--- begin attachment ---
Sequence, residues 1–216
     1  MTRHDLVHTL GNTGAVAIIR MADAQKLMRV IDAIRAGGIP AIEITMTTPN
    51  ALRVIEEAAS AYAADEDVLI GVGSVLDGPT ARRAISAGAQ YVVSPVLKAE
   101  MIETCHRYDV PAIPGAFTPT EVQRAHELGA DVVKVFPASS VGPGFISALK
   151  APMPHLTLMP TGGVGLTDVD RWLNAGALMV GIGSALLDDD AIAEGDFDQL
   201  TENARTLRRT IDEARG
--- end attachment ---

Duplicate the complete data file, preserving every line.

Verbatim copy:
Sequence, residues 1–216
     1  MTRHDLVHTL GNTGAVAIIR MADAQKLMRV IDAIRAGGIP AIEITMTTPN
    51  ALRVIEEAAS AYAADEDVLI GVGSVLDGPT ARRAISAGAQ YVVSPVLKAE
   101  MIETCHRYDV PAIPGAFTPT EVQRAHELGA DVVKVFPASS VGPGFISALK
   151  APMPHLTLMP TGGVGLTDVD RWLNAGALMV GIGSALLDDD AIAEGDFDQL
   201  TENARTLRRT IDEARG